Slow Infrastructure funding grips Sub-Saharan Africa

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One of the issues that remains a perpetual bugbear in Africa, is slow infrastructure spending to unlock the continent’s economic growth potential. One of the issues that remains a perpetual bugbear in Africa, is slow infrastructure spending to unlock the continent’s economic growth potential.

One of the issues that remains a perpetual bugbear in Africa, is slow infrastructure spending to unlock the continent’s economic growth potential, research shows

Sub-Saharan Africa needs solid legal frameworks, increased private-sector involvement and better fiscal incentives to plug its annual infrastructure funding gap of about $100bn, Boston Consulting Group and Africa Finance Corp said.

The region’s governments have insufficient strategic foresight, political will, and policy certainty, and numbers of adequately skilled people to improve delivery, the organizations said in a report released on Tuesday in Nigeria’s capital, Abuja.

Financial systems need upgrading to be sound enough for projects, and nations must develop local capital and debt markets that provide lower financing costs, it said.

Implementing projects takes "twice as long as in other regions", they said. "Private investors often must act as project developers, adding 10-15% to the project costs and lengthening the project life cycle." The region’s nations "lose as much as 2.1% of GDP annually to inadequate infrastructure," they said.

Two-thirds of Africans lack access to power and the road access rate is 34% compared with 50% elsewhere.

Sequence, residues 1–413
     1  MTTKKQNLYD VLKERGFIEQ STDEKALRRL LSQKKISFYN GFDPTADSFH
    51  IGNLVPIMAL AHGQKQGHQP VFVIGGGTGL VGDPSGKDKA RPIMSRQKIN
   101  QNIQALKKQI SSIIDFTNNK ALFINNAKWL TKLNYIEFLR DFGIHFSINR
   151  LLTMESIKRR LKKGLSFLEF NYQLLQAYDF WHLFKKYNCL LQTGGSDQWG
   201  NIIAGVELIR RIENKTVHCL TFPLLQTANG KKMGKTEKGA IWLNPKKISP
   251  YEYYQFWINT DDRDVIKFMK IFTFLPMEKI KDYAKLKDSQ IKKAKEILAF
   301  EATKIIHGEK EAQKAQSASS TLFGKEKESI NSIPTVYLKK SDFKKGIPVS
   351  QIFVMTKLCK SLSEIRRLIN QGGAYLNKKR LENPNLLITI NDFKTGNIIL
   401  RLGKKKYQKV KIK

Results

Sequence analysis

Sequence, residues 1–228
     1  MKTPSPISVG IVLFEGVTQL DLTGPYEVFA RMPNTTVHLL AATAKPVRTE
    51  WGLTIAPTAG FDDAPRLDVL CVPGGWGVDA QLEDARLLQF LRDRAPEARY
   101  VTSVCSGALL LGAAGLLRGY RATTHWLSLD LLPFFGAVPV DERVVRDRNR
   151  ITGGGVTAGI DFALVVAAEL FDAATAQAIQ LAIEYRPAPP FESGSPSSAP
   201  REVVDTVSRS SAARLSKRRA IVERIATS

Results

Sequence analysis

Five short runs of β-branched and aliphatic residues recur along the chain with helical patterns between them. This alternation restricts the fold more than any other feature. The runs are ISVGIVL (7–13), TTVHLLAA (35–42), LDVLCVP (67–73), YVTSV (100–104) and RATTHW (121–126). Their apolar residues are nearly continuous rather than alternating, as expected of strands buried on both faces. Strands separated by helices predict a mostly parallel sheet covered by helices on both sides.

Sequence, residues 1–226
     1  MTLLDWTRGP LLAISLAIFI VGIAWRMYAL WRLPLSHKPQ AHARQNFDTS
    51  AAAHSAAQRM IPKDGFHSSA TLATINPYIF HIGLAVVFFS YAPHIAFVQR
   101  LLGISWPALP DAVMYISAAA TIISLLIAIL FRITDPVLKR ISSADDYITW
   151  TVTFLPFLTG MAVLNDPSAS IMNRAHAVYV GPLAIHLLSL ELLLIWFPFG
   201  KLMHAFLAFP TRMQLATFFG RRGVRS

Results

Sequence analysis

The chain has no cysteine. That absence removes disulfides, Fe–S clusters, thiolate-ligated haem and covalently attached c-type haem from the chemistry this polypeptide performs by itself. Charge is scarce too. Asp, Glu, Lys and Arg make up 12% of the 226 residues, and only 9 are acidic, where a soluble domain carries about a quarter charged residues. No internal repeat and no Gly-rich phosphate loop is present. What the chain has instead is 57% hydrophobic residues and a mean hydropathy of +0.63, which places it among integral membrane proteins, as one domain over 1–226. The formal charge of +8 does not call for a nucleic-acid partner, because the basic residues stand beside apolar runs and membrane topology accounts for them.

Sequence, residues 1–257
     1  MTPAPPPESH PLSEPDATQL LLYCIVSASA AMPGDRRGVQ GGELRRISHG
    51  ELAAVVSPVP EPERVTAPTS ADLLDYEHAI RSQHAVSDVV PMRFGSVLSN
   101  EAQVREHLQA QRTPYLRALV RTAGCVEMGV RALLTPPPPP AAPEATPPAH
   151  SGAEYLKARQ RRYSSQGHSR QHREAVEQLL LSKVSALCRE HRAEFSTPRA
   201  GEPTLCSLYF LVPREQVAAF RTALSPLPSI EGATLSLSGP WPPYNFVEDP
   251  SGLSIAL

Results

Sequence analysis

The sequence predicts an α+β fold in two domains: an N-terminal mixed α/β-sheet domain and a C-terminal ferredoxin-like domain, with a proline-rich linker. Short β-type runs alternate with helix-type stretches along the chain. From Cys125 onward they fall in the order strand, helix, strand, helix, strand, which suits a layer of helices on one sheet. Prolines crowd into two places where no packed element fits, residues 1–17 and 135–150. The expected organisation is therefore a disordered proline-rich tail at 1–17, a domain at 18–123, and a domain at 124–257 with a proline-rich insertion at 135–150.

The International Monetary Fund said last week that the region’s growth outlook was subdued, and forecast expansion of 2.6% in 2017 from a two-decade low of 1.4% in 2016.

Governments are trying to address deficiencies that limit investment, with 42 of the region’s 49 countries enacting laws to provide a regulatory framework for private investment in infrastructure, the report showed.

Besides these laws, countries should establish sector-specific standards and regulations, have fiscal incentives and provisions that promote dispute settlement and licensing.

Basic infrastructure that’s difficult to make economically profitable should be the responsibility of governments and development partners, while infrastructure that’s financially viable with appropriate tariffs should fall under private investment via concessions or public-private partnerships.

World Bank Positive Report

Despite this sluggish investment, telecommunications coverage and access to clean water have accelerated a good 15% since 1990, according to World Bank Research.

On the positive side, Sub-Saharan Africa has made great progress in telecommunications coverage in the past 25 years, expanding at a fast pace across both low- and middle-income countries in the continent. Access to safe water has also increased, from 51% of the population in 1990 to 77% in 2015.

But the challenges that remain are vast and deeply ingrained. For example, little progress has been made in per capita electricity-generating capacity in over two decades.  Only 35% of the population has access to electricity, with rural access rates less than one-third urban ones. Transport infrastructure is likewise lagging with Sub-Saharan Africa being the only region in the world where road density has declined over the past 20 years.

The growth effects of narrowing Sub-Saharan Africa’s infrastructure quantity and quality gap are potentially large. For instance, the growth of GDP per capita for the region would increase by an estimated 1.7 percentage points per year if it were to close the gap with the median of the rest of the developing world.

Closing the infrastructure quantity and quality gap relative to the best performers in the world could increase the growth of GDP per capita by 2.6% per year. The largest potential growth benefits would come from closing the gap in electricity-generating capacity. 

In a nutshell, governments should insist on transparency, enforce anticorruption standards and strengthen anti-waste capabilities.There is huge appetite globally to invest in African infrastructure, Nigerian finance minister Kemi Adeosun said on Tuesday at a conference in Abuja. "We need to properly package and showcase the opportunities."

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